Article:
Unfortunately, this is an age-old problem. There will always be pastors and church members who serve to satisfy their pride and lustful desires. Many church members secretly glory in their talents and give very little credit to God. And this day and time, with the media exposure that some churches have, I dare say the devil is tempting the saints more than ever to forget Who should be glorified through their service and that our resources and talents can only be shared because the Giver bestowed them upon us. Oh, what a satanic trap, to forget that we depend upon our God to merely breathe! Much more to serve Him! May our “spiritual antennas” be ever alert to the lures of pride, lest we miss the blessings and true reward from God.
“Though the LORD is on high, he looks upon the lowly, but the proud he knows from afar.” Psalm 138:6
Something happened not long ago on a Sunday morning that grieved my heart. As I watched the situation unfold, God opened my spiritual eyes to realize how easy it is to be deceived by Satan while serving. God whispered in my spirit: “many people serve Me for the pleasure of being seen.” I’ll be honest. My first reaction was to jump right in and judge the person. “We should be here to serve God, not our pride,” my heart cried out. “Shame, shame!” But when God put His Holy mirror in front of my face, I bowed my head, convicted. Who has never done it? Who has never felt pride in receiving the applause of this world? I believe we all have at some point in time while serving God. That is human nature. It feels good to be loved and admired. But we must be so aware that pride is a trap that Satan uses to make our service ineffective and without a holy purpose. If you give in to the slightest prideful thought in regards to your service in the kingdom, Satan will snare you into thinking that the results of your ministry are due to your “amazing”talents and abilities. And before you know it, God will turn His face and favor away from your ministry. Because the truth is – we may reap the benefits of what we do for Christ; and we certainly will receive rewards for what we do in His Name. But the glory, oh, the glory, my friend, belongs to Him and Him alone.
Because I understand the dangers behind a prideful heart, God has taught me this simple “antidote to pride” steps to keep the devil away from any prideful thoughts:
Search Me, O God!
“Search me, O God, and know my heart; Try me and know my anxious thoughts; see if there be any hurtful way in me, and lead me in the everlasting way.” Psalm 139:23-24
Pray that God will expose the true reasons why you serve – is it for His glory? Is it to further His kingdom? Or is it to satisfy a prideful desire to be seen, admired, useful? If you ask the Lord to reveal it to you, He certainly will. As He does, ask Him to forgive you and help you focus your ministry on bringing Him glory, that you may truly worship Him in spirit and in truth. (John 4:24)
Thank You for Closed Doors!
“Worthy are You, our Lord and our God, to receive glory and honor and power; for You created all things, and because of Your will they existed, and were created.” Revelations 4:11
Remember that God is who created all things, including your ministry. When you are fully aware of that truth, you will be able to give Him glory for the open doors as well as accept the closed ones. Remember that He is who calls us into service. If you are not chosen to perform a particular task, it is because God has something else in mind for you. Humbly accept and thank Him for the closed doors. If your heart is in the right place, you will develop a holy awareness that you are doing what God wants you to do and that, when He wants you to serve Him at some capacity, HE will move heaven and earth to accomplish His will for your life. Therefore… do.not.strive.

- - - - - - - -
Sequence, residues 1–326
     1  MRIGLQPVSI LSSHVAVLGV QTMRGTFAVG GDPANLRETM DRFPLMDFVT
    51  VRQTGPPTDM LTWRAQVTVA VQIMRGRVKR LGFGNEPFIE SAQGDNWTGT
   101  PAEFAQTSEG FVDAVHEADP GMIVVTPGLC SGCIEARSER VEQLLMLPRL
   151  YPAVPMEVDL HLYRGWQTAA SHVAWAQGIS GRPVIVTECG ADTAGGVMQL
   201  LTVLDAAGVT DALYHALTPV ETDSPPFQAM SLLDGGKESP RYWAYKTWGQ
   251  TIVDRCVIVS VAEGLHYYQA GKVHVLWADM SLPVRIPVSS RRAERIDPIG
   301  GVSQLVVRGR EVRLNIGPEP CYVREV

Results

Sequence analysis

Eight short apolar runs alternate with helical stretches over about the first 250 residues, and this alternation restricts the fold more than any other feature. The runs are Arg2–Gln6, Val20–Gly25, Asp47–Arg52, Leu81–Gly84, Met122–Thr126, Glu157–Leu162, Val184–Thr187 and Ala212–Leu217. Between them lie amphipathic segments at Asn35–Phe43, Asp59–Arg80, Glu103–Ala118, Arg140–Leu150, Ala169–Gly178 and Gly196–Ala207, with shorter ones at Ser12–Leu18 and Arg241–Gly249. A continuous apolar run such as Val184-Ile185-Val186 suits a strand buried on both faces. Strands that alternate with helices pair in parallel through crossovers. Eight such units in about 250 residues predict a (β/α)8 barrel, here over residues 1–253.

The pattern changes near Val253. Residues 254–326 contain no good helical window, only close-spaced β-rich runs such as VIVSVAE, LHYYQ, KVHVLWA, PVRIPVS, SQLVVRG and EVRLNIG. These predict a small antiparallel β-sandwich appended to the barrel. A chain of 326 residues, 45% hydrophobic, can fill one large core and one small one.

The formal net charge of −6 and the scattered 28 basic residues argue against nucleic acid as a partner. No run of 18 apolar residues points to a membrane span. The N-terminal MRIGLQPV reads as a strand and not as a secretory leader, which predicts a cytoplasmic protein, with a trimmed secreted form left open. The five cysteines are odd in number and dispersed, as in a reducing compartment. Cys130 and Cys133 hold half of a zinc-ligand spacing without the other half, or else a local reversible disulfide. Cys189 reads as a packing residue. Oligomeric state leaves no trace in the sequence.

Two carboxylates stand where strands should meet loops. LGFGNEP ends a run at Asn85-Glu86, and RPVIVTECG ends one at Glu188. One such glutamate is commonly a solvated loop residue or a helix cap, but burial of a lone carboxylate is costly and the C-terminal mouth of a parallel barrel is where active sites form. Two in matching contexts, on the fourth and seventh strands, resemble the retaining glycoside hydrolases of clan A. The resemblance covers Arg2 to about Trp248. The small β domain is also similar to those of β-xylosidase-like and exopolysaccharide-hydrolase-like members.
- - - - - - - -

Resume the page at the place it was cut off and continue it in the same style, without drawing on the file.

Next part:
“We are destroying speculations and every lofty thing raised up against the knowledge of God, and we are taking every thought captive to the obedience of Christ.” 1 Corinthians 10:5 (NASB)
Once you are aware of your weakness, do not let your guard down! Satan will not give up alluring you into thinking that your success depends on your gifts and talents. You must be committed to take every thought captive on an ongoing basis, reminding Satan that “Every good thing given and every perfect gift is from above, coming down from the Father of lights, with whom there is no variation or shifting shadow.” James 1:17 (NASB). Indeed, we are empty vessels without Him!
Serving God with our talents and gifts is one of the most fulfilling things in life. I have found joy, contentment, peace and purpose as God opens doors and uses me to proclaim His Name. My prayer to each and all of us is that we may become ever aware of any time we take center stage and forget to give glory to the Giver of every good gift. May we remain humbled and grateful with the realization that God uses broken vessels like us to bring others closer to Him. May we serve God in a way that when people watch us, they may see past our many flaws and have a glimpse of God’s grace. May we realize each day, that as the audience applauds; they do so because Jesus is in the house and because He is the power behind anything we do or say.
“May I never boast except in the cross of our Lord Jesus Christ, through which the world has been crucified to me, and I to the world.” Galatians 6:14